American billionaire Ronald Lauder has agreed to bail out the financially troubled Israeli television station Channel 10.
Under the agreement signed with the State of Israel, the channel’s franchise will be extended for three years and Lauder, the station's majority shareholder, will invest a further NIS 80 million, $21 million, over that time, the Israeli business daily Globes reported.
"I decided to come to Israel at the beginning of September to make a decision," Lauder said at a news conference in Tel Aviv. “My decision then rested on the position that if there were no change I would close at the end of September."
"Yesterday too, I debated whether to close or not,” Lauder added. “I read the latest draft of the settlement. It's not ideal, but it's better than what there was six months ago. It's not something that it's possible to make money out of. I wondered, should I go or stay? At the end of the day, because of the 600 employees who would lose their jobs, I decided this morning to sign the draft settlement with Channel 10."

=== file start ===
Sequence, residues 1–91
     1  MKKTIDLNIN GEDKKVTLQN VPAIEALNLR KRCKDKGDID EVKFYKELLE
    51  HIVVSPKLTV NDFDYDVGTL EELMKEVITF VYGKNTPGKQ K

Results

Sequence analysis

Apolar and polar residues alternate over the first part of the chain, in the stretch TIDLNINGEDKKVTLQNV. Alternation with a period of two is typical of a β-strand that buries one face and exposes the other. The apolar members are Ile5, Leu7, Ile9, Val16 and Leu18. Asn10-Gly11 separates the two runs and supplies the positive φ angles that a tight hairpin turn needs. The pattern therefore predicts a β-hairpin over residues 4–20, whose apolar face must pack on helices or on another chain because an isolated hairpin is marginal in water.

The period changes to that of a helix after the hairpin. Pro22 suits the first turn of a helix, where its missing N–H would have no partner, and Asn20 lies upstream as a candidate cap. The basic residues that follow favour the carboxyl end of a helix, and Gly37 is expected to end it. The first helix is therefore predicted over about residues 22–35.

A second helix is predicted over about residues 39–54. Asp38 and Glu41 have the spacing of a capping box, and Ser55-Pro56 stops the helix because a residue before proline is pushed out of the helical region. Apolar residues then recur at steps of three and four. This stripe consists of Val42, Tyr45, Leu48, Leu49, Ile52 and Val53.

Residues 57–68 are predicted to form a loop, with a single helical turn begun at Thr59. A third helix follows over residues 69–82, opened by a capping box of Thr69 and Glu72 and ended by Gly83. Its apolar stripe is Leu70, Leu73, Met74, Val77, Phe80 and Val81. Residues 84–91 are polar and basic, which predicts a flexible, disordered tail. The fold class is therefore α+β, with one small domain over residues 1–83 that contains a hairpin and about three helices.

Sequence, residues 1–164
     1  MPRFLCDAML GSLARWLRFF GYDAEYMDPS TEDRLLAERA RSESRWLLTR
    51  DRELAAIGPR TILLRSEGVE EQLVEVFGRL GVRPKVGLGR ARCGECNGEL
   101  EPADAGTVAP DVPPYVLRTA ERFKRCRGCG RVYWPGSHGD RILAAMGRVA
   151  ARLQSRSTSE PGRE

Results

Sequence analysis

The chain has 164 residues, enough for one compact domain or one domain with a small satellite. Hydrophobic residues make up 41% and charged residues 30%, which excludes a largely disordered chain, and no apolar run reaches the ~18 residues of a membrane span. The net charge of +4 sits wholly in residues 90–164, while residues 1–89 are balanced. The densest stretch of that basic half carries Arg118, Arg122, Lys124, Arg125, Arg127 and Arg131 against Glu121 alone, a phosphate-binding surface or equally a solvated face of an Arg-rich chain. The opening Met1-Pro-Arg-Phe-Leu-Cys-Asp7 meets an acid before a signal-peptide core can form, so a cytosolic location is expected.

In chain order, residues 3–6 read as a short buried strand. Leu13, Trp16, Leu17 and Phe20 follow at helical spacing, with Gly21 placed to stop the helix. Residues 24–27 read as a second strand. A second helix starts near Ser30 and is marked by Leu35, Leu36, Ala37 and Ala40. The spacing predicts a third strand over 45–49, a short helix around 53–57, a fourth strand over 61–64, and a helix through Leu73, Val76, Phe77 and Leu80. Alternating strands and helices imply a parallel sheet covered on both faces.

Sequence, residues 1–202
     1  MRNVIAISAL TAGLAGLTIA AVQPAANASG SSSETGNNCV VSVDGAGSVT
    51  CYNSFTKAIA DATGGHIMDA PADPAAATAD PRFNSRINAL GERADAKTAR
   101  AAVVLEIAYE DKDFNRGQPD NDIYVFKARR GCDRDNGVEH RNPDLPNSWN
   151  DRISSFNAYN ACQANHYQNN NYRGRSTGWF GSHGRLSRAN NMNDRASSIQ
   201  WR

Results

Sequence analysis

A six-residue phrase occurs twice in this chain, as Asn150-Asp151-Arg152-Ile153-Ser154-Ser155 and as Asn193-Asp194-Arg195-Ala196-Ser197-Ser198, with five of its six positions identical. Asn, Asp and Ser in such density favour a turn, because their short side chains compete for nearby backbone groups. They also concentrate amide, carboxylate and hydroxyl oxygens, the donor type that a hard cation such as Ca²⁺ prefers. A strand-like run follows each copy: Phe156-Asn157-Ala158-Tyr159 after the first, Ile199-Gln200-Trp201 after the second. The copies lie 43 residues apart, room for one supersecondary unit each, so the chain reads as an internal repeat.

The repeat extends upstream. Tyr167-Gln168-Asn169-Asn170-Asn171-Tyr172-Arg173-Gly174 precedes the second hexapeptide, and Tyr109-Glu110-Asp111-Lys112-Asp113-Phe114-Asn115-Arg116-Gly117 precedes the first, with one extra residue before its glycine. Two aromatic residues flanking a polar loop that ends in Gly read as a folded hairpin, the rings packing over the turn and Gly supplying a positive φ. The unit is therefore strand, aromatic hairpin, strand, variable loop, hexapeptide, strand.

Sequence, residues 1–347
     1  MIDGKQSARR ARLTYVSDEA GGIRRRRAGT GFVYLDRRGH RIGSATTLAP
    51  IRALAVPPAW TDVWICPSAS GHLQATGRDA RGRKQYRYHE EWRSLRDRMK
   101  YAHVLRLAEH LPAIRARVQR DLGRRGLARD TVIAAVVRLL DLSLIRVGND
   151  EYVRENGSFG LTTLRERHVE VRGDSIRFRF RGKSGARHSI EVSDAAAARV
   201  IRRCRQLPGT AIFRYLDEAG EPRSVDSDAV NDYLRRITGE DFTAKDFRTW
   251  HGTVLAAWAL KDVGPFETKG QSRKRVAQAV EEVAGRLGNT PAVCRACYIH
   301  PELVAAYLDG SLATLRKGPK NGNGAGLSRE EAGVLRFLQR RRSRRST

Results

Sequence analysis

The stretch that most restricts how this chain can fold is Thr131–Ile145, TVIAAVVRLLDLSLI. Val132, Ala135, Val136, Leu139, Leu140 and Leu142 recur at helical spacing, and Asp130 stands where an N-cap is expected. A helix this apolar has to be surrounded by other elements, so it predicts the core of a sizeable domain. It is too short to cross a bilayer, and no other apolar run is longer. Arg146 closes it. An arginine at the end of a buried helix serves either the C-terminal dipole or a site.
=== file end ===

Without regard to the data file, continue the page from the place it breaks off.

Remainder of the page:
"One signature isn't enough," he added, "If the state doesn't sign, the channel will close on December 31. I believe that they will sign."
According to reports, Channel 10 is in approximately $29 million debt, which consists of state royalties and license fees, as well as interest on the fees.
Lauder is the president of the World Jewish Congress and a staunch defender of the State of Israel. He is also outspoken against global anti-Semitism, an advocate of the need to impose harsher sanctions against Iran, and a strong ally of Prime Minister Binyamin Netanyahu.
In May, Lauder harshly criticized the call made by Ireland's Foreign Minister Eamon Gilmore to impose a ban on Israeli products made in Judea and Samaria.
“Such boycott calls are cynical and hypocritical,” Lauder said. “Minister Gilmore is taking aim at the only liberal democracy in the Middle East while keeping quiet about those who really wreak havoc in the region: the Assads, Ahmadinejads and their allies Hizbullah and Hamas.”
“West Bank territories are legally disputed and not illegally occupied,” he added.